Bethany: One day I realized how much of a facade I presented to the world and I cried because hardly anyone knew the real me. I was hiding myself. Now, I’m finding my own confidence and strength to stand up for myself. As I’ve internalized that part of me and sorted through the parts of tough girl that I want, such as her ability to fight back. I can still access those things, yet filter them my through wisdom and discernment.
Christina: I’m finding my confidence and strength, too. I realized that the roles I’ve “put on” aren’t really external; they are internal and something I “pull out”. I drew from a strength I didn’t know I had. I admired it elsewhere, yet I only connected with it because it was something I already owned. Maybe it was undeveloped or unrecognized, but it was mine. I wore it like a lie, but it’s really the truth—it felt fake, but it showed me a part of who I really am.
Penny: It’s so true what you say that all these things are part of us…they’re facets of ourselves. We have these inner strengths and this is the way that we’ve drawn on them when we’ve had to. If it wasn’t ours to begin with, we wouldn’t be able to use it. No matter how developed of an imagination we may have, we can’t actually turn ourselves into something that we’re not. Maybe someplace deep inside of me I am a good public speaker. Lol.
I remember one winter in South Dakota as a teenager coming upon a terrible car wreck. My friends and I were the first ones on the scene and none of us knew what to do. I was so scared but something inside me took over. I sent someone for help. Then, I headed for the overturned car on its top in the snowy ditch. On my way, I found a man lying tangled in the barbwire fence that the car had gone through. He had been thrown out and I could tell was hurt quite badly. I stopped, spoke to him, called for the others to bring a blanket for him and continued to the car. The car was on its roof and there was a man trapped behind the steering wheel. He was struggling and I told him not to move. After leaving a couple of friends there with orders to keep him talking, still and to not let him fall asleep, I went back to the man in the fence. I managed to get him untangled, to tie jackets and whatever I could get to stop the bleeding, piled anything I could on him to keep him warm and kept him awake until help finally came. The ambulance personnel actually asked if I had been trained in emergency response.
I was the quietest, shyest one of the bunch, but when faced with trauma, I was the only one able to respond. I have often thought about that and wondered why. It was truly like I became someone else….someone competent and able…two things I never saw myself as. So, yes, it makes sense that we do have these unplumbed, undeveloped strengths inside of us that we’ve been able to call upon when needed.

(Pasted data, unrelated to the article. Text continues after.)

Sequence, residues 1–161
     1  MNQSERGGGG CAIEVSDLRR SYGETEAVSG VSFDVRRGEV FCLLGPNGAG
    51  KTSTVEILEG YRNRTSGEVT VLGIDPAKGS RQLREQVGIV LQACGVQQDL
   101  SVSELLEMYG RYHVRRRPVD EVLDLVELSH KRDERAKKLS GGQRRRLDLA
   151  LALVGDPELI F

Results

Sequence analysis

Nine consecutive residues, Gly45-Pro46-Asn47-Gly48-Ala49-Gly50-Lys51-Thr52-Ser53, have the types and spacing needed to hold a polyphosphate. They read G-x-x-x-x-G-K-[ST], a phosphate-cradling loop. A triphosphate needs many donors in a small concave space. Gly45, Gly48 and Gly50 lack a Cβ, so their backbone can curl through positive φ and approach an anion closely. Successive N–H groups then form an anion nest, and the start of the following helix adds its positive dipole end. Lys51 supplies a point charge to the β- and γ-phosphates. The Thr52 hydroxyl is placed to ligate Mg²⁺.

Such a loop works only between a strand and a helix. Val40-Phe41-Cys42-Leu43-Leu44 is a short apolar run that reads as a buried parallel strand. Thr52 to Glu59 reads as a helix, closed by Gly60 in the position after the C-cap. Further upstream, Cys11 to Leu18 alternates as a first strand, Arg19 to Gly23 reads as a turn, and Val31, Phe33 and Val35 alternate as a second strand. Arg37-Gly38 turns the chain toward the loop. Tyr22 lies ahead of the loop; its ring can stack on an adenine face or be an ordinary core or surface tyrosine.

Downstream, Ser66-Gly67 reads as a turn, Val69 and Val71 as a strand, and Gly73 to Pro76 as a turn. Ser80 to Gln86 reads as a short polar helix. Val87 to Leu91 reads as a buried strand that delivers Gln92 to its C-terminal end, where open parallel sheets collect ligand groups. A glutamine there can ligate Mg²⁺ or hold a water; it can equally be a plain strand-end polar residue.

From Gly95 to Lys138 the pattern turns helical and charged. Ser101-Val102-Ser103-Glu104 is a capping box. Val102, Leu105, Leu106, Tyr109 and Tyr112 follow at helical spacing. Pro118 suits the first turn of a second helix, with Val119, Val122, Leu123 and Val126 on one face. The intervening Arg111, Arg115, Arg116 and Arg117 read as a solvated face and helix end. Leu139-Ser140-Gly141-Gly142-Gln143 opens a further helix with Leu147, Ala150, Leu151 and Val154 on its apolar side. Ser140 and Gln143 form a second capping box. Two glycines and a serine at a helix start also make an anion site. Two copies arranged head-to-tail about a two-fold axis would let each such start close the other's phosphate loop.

Christina: The more I looked back on the things I accomplished while I was playing a role, the more I saw evidence in my own life that I actually did have those qualities. It wasn’t a pioneer woman who accomplished those things in my life. It was me. I saw what I was capable of. They were very real qualities I had, yet hadn’t recognized, acknowledged, or developed. Once I did start to see that, it started to feel natural and real, like me. It didn’t feel fake anymore. I didn’t have to put on those roles, they weren’t separate from me anymore; they were parts of me.
Penny: As I’m getting to know myself, I’m realizing that I need my coping mechanisms less and less. I see myself more as someone who can deal with things head-on rather than someone that has to hide behind a mask to survive. As I become more self-aware some of these things sort of take care of themselves. Maybe it’s because I am seeing more of my inner strength as belonging to me and not something that I have to “pretend” or “put on.” The roles are indications of who we really are, so that helps us to get to know ourselves better.
Christina:Once we see ourselves for who we really are, we don’t have to live in fantasy. The reality is that we do have power to do something about the things that we’re intimidated by. We can improve our public speaking skills, we can take self defense courses, we can say no to dangerous situations, we can improve our social skills. We aren’t vulnerable and helpless anymore. Acknowledging the power we have gives us other options so we don’t have to rely on facades.
How Can I “Be Myself” If I Don’t Know Who That Is?